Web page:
Understanding Tax-Exempt Reporting
The IRS Form 990 is an annual reporting return that certain federally tax-exempt organizations must file with the IRS. It provides information on the filing organization’s mission, programs, and finances.
Form 990 has been around for more than 50 years. The first 990 was filed for tax years ending in 1941. This comparatively simple two-page form included only three yes/no questions, an income statement, and a balance sheet (although some line items required attached schedules). For example, individuals paid a salary of $4,000 or more were required to be listed on a schedule showing their name, address and amount paid. Similarly, contributions exceeding $4,000 received from any one person were required to be itemized.
By 1947, the form (including instructions) had reached four pages, although some portions applied only to certain types of organizations such as farmers’ cooperatives. The required financial information was far more extensive than that of the first 990. Although the income statement now contained a separate line item for compensation of officers, the requirement of a separate schedule for the “highly compensated” seems to have vanished. The requirement for a list of large contributors remained, but the reporting threshold for individual contributions was reduced to $3000. By this time, a group return procedure had also been implemented. The early returns were continuous use forms; a new form was not published each year.
In 1976, the Form 990 itself consisted of two pages plus three and one-half pages of instructions. Schedule A consisted of four pages plus four pages of instructions. By 2000, the form was up to six pages for the 990 itself, six pages for Schedule A, at least two pages for Schedule B (including instructions), and a separate 42 page instruction book.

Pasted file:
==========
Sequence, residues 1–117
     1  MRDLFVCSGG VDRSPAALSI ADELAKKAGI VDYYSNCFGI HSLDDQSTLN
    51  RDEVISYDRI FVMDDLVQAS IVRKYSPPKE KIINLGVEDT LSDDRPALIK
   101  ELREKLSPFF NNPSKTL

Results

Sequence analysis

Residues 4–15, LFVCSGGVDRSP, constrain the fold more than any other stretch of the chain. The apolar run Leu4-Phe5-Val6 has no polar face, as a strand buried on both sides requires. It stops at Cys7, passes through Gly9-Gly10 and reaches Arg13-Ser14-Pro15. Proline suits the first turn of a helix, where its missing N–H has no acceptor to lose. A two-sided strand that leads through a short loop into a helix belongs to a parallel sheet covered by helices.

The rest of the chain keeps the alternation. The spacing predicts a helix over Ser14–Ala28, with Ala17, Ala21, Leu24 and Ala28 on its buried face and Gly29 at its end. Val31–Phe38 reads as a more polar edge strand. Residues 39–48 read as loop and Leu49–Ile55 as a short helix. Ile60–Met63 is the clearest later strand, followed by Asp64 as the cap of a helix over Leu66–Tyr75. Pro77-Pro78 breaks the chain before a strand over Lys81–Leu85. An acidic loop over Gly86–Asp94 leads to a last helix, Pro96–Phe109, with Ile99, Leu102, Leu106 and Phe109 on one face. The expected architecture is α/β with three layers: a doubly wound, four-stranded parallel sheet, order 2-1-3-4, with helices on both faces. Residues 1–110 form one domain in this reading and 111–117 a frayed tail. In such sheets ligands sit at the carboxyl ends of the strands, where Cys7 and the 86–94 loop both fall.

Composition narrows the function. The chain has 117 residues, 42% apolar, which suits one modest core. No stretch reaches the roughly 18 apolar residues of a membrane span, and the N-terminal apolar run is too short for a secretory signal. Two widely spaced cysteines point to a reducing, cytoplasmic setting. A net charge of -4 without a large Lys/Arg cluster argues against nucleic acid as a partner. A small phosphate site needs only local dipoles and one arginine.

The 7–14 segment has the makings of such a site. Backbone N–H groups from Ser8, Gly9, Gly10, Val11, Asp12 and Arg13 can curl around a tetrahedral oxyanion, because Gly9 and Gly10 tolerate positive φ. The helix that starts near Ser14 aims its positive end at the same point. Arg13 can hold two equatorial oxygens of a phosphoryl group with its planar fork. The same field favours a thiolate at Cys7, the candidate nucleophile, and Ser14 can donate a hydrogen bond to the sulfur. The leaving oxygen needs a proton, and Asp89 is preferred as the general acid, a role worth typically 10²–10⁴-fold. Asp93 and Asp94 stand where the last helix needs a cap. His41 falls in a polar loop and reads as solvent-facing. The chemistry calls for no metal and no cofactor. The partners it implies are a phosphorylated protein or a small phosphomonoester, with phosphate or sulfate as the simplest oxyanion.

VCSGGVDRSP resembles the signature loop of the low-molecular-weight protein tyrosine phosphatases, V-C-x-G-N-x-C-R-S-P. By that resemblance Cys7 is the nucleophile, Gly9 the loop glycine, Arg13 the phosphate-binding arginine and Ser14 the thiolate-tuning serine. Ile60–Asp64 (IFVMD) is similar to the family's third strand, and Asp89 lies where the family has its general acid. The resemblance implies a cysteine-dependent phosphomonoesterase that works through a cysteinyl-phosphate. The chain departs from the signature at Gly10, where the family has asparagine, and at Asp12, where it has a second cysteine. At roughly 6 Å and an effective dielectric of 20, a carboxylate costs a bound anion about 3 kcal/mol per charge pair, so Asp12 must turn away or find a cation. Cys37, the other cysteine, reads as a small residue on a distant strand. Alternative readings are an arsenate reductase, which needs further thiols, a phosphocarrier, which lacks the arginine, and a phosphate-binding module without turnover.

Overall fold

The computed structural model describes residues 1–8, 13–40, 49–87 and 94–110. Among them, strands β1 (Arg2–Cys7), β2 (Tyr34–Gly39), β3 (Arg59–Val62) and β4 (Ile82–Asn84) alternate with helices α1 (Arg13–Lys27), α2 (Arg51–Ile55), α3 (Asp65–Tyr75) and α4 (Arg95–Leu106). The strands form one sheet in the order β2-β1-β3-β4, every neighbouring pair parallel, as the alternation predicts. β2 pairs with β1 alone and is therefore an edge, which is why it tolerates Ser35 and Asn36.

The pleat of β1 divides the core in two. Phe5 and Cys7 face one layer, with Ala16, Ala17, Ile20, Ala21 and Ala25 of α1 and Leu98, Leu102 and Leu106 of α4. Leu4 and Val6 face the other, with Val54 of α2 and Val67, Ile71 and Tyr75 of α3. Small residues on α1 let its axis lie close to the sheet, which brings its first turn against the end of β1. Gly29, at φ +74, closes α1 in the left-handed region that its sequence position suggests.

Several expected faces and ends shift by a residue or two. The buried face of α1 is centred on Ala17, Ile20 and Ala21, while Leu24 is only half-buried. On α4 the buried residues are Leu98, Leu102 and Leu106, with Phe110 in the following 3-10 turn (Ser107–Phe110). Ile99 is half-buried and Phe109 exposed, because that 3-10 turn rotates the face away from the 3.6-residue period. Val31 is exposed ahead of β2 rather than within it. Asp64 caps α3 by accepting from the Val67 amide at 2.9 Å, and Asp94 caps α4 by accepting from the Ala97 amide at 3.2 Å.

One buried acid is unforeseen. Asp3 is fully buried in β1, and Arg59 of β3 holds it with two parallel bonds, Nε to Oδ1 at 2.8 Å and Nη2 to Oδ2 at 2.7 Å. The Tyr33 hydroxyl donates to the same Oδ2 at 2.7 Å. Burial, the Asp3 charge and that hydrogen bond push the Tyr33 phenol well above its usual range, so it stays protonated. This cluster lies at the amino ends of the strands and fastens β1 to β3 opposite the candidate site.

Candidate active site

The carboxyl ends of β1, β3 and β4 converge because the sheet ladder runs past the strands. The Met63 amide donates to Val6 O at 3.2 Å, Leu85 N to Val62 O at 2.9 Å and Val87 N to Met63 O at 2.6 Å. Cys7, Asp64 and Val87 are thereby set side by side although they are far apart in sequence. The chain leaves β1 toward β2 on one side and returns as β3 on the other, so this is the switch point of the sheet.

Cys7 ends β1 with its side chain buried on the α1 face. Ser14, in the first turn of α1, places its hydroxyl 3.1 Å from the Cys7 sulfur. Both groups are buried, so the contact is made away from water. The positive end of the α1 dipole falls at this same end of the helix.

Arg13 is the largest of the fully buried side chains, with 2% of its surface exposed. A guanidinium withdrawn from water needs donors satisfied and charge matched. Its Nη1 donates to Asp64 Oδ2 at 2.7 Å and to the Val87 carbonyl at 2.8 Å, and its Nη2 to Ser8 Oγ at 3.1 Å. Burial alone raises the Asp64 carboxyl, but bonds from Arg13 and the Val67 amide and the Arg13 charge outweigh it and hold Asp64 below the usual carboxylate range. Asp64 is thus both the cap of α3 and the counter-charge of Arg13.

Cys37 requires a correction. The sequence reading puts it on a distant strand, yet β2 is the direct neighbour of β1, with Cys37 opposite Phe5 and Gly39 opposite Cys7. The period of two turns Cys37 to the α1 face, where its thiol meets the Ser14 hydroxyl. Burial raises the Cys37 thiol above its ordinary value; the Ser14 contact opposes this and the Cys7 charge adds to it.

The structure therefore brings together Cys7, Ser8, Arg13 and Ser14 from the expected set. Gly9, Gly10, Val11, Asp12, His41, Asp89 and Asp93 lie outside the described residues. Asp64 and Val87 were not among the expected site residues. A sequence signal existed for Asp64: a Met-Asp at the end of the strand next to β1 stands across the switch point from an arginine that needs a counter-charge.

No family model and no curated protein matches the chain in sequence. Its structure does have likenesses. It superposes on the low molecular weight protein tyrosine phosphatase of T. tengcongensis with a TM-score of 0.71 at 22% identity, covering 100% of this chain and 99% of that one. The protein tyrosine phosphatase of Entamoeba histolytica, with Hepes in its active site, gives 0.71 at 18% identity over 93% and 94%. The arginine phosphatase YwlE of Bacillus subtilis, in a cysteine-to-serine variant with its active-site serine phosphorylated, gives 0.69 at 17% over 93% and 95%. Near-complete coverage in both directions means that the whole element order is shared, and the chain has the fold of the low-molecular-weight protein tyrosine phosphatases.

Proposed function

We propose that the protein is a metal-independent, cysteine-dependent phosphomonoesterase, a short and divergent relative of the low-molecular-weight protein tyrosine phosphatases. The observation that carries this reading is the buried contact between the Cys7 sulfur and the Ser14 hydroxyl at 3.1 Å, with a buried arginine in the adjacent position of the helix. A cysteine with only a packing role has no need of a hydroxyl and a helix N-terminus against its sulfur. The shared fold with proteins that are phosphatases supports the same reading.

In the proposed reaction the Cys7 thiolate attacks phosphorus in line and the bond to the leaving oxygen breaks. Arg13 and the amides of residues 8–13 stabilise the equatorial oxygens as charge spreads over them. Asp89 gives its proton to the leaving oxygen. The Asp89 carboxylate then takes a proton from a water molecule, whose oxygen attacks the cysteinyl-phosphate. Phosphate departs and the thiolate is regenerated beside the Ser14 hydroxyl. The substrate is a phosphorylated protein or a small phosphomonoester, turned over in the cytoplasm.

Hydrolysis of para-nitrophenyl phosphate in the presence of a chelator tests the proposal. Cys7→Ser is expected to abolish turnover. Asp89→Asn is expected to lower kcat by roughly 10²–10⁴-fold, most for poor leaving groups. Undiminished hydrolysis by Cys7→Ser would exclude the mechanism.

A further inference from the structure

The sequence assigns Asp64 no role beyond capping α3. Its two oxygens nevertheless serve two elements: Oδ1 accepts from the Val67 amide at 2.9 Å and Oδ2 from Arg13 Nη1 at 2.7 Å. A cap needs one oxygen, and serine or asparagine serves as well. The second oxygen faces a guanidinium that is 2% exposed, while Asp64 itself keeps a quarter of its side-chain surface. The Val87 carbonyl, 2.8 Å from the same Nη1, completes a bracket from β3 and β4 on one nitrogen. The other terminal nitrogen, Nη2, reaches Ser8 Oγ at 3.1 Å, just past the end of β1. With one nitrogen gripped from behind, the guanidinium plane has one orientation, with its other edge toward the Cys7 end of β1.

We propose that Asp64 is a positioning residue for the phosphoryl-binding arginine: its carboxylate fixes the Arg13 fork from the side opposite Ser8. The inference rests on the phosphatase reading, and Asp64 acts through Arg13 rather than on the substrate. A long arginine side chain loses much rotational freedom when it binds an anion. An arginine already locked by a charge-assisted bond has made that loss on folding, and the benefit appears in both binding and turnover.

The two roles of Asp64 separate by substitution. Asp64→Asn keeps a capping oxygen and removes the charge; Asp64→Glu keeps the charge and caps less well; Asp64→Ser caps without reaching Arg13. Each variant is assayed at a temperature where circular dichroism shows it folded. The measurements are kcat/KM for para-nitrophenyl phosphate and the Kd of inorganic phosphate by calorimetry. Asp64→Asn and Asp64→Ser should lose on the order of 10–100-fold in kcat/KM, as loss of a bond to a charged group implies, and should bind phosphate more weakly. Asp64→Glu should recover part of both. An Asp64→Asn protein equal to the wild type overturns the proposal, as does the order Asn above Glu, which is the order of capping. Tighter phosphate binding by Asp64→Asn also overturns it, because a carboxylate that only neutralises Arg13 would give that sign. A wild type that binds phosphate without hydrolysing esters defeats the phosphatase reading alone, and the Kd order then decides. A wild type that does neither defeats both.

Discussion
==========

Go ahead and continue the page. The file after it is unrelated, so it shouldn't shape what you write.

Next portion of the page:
The Form 990 was redesigned in 2008, and now consists of an 11-page core form and 16 schedules designed to report information from organizations that conduct particular activities. The Form 990 had not been significantly revised since 1979 and it was universally regarded as needing major revision. It has failed to keep pace with changes in the law and with the increasing size, diversity, and complexity of the exempt sector.
The IRS revised the format and content of the form based on three guiding principles: enhancing transparency, promoting tax compliance, and minimizing burden on the filing organization. Some of the major features include a summary page, a governance section, more extensive reporting of compensation and relationships with other entities for some organizations, and new reporting for tax-exempt bonds, foreign activities, non-cash contributions, and hospitals.
Contact our Not-for-Profit Tax Team
Is your non-profit organization required to file a Form 990? Not sure what’s expected of you or how to comply with this requirement? Contact Rea & Associates. Our Ohio non-profit tax team will take care of your filing, so you can take care of your mission.
Contact Rea’s not-for-profit team for assistance with maintaining your tax exempt status or for any other non-profit accounting needs. Rea’s not-for-profit team offers a full range of financial services for non-profits including: 990 preparation, audits, outsourced accounting, and QuickBooks support. We’ll focus on the paper work; you focus on your good work.